Marti drove me to Bethesda, a 14 minute ride from the hospital, where I unpacked and went for a walk in the warm sunshine before Alexandra was to pick me up and whisk me away for dinner with my delicious grandchildren – Anna, Nicholas and Lily – and her husband, Peter. Anticipating spending time with my family after my meaningful experience at the retreat was a bit over the top. I felt utterly joyous. Rather than feeling enervated by all the activities, I felt energized and refreshed.
Alexandra, Anna, Lily and I had a fun, frivolous date planned for the next morning. Alexandra, Brooke and I have a fondness for the happy colors and patterns of the late designer Lilly Pulitzer. Her line of clothing was selected to have a once-in-a-lifetime event at Target. Every year they choose a different designer, recreating their clothes, jewelry and household items, and offering them at vastly reduced prices – first come, first serve. It was to happen on Sunday, April 19th. The Target near AB’s house opens at 8 AM. We took off at 7:30 sharp. By the time we arrived in the driveway of Target, we were fooled – we didn’t see many cars. Going around the back of the store was a packed parking lot. We raced to be the 60th in line. The Target staff was lovely, handing out power bars and instructions where the Lilly merchandise in located in the store. We divided to conquer. I chose to go straight to the back of the store to the Home section to select some pastel flowered cushions and pillows for our tiny enclosed back garden. By the time I arrived with my cart, the shelves were bare.
Who would have ever guessed – many of the women filled their huge carts with cushions, folding chairs, beach towels, scarves and tote bags with the express intention of immediately selling the items on eBay. I was a good sport. All of us were. Lily was downstairs looking for clothing. A teenager handed Anna a pretty fish necklace. “I have two,” she said. So dear. We re-grouped and went to the cash register. When the Target employee told us about the 14-day return policy, I mused, “I wish I had something to return.” We never laughed more than during our Target experience. We went around the corner to Starbuck’s where Alexandra bought me some truffled almonds. We sat outside and rehashed our adventure. Brooke had a similar fate at a Target in Waterford, Connecticut. Reliving the three minutes in Target before there was nothing left livened our dinner conversation when we regaled Peter and Nicholas with the drama, and demonstrating the details of the pushy women who “stole” all the goodies. It was once in a lifetime, indeed, and will always make us laugh when we recall the joy we shared.
Another huge treat was watching Nicholas pitch, striking out everyone who came up to bat, and then he went to play golf with his dad. To add more icing to the cake, not only is the whole family coming this summer for a vacation, where Anna, Nicholas and Lily will join Cooper at sailing and science camp a few hundred yards from our cottage, but Peter is driving up with their precious golden retriever, Homer. Brooke will be here with Tony and Cooper, so it will be a full-blown family reunion. Yea!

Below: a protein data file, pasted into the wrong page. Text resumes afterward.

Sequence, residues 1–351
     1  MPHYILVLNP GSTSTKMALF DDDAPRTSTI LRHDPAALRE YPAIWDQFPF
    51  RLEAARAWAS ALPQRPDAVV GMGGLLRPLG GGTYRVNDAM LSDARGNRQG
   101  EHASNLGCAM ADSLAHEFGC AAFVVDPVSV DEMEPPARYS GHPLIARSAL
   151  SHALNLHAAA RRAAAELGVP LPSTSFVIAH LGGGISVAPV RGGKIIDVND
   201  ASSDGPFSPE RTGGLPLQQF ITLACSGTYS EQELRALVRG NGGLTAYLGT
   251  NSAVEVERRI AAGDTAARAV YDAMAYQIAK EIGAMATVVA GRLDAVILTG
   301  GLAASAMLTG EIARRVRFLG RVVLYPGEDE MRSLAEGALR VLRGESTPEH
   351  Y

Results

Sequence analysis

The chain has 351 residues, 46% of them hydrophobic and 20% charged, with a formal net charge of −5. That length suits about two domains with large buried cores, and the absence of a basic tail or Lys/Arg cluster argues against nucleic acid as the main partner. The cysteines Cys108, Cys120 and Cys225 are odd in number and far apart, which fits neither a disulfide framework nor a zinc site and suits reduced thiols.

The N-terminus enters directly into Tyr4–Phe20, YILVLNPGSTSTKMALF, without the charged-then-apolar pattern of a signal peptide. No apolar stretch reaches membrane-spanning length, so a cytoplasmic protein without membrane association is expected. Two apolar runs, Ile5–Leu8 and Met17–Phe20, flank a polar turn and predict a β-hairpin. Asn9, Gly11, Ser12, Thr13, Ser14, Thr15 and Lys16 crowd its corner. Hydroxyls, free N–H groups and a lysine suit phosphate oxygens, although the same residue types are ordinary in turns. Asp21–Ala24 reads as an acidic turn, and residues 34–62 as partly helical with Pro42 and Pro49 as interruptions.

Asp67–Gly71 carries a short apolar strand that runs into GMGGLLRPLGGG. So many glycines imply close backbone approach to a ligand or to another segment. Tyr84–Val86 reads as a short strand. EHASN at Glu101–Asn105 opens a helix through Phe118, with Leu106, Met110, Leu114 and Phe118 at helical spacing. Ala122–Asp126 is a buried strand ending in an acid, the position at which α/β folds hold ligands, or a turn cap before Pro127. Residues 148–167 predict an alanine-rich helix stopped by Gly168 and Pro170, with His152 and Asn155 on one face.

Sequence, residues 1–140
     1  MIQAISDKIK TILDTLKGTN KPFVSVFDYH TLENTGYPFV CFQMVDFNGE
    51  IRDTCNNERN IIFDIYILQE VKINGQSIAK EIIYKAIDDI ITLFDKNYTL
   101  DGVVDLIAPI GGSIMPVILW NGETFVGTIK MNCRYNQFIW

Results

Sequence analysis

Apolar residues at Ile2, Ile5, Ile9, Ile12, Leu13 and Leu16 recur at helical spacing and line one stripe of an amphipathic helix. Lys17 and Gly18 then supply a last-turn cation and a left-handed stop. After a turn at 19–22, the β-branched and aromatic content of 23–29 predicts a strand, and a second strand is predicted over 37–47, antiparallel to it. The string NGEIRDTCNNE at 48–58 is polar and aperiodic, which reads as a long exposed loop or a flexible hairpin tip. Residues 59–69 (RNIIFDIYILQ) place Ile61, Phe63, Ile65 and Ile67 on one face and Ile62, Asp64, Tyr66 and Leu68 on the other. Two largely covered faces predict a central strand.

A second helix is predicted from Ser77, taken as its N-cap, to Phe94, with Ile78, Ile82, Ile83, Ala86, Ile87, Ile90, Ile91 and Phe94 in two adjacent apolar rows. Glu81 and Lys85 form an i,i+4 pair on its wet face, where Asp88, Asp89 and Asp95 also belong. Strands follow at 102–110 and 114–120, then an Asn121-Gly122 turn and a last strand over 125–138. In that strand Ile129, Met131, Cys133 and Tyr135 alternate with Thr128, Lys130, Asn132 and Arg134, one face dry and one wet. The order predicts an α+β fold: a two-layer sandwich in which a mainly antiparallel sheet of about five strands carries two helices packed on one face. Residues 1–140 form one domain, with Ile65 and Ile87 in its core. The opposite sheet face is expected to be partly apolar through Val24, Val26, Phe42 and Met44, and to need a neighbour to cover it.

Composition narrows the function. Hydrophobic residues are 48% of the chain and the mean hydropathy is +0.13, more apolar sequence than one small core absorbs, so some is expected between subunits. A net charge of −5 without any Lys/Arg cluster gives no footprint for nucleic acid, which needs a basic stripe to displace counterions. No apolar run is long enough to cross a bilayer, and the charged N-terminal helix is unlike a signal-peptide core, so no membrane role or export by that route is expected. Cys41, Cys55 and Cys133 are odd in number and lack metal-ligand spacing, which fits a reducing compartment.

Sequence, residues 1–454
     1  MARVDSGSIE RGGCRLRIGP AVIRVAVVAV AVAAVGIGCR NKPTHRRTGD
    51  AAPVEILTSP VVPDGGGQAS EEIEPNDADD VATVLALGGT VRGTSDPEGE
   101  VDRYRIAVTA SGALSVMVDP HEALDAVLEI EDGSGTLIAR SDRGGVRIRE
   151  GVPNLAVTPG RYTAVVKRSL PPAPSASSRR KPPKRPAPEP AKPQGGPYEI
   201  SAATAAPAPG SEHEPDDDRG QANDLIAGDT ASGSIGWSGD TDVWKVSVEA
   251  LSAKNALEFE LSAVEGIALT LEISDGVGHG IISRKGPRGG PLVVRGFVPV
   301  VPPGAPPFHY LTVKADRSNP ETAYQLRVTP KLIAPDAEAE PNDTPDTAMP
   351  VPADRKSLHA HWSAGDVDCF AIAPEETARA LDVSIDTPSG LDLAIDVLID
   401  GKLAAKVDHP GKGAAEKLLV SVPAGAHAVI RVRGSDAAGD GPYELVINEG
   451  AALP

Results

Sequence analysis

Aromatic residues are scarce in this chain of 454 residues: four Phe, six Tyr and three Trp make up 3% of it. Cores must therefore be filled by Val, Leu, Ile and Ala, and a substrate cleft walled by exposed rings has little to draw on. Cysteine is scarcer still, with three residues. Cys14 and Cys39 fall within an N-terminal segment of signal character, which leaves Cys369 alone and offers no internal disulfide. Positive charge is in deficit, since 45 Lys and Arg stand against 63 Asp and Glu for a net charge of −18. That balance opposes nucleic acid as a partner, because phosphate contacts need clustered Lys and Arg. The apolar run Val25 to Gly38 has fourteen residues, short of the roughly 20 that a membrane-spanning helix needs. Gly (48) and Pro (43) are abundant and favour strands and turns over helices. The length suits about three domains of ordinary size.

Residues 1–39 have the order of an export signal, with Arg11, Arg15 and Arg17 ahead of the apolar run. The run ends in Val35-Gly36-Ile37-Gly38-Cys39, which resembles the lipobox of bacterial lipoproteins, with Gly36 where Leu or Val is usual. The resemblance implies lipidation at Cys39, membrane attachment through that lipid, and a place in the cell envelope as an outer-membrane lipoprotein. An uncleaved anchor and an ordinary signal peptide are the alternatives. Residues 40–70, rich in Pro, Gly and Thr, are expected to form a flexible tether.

I’m devastated by the tragic earthquake in Nepal, where the human life toll continues to rise to more than 7,000. Peter and I were in Hong Kong in 2004 when the tsunami hit and no one was prepared or could comprehend the mounting death toll. Whenever there are natural tragedies anywhere in the world, we are all affected. When our human family suffers, we feel the pain because of our compassion and empathy. When one of my books was published in Japanese and I received six copies from my literary agency, I immediately hand-delivered them to the Inn at Stonington to a sweet woman who worked there so she could share the books with her family back home. Because of my modest gesture, I learned she lost her grandparents in the tsunami.
I’m also saddened by the violent clashes that rock Baltimore after the funeral of 25-year old Freddie Gray. For 50 years, Peter was involved with the police and fire departments in New York City, concerned about their emotional support as well as their safety.
We are all facing real life challenges every day. At few weeks ago, our sleepy, quiet, seaside village had an armed bank robbery – just a few doors from our cottage. The robber walked away. Fortunately, he was eventually caught and is now in jail. I have friends who are facing a series of challenges, and I hope I can be of help and bring solace in their times of need. What inspires me most now is to try to live up to Peter’s great example of service. I want to be useful and be helpful. I’ve been given such abundant riches in friendships and meaningful relationships that I feel an urge to share what gifts others have given me.
I’m greatly looking forward to the weeks, months, and years ahead with our mutually stimulating dialogue. Please feel free to stretch me, challenge me, question me, and teach me. I’m all ears.
I’m loving writing about the end of Peter’s beautiful, long, happy life. Being a writer is such a gift. I’m able to re-live all the joy; I’m able to keep it alive, and strengthen my present moments with the accumulative memories of our true love.
May 18th will be our 41st wedding anniversary. Please join me, my local friends and family celebrating Peter’s and my special day. I assure you, he is smiling with his incredible spirit enery, cheering us on, “hey, ho, let’s go!”
In closing, I want to thank each of you for going on this mysterious, intimate, infinite journey with me, celebrating life and choosing happiness and sharing insights about death. Many of us have been together for so many years, I feel we are going to be blessed to experience what the romantic poet Robert Browning knew, “The best is yet to be.”
Spring is here!
I treasure you! Please join me at Terrain in Westport on May 9th!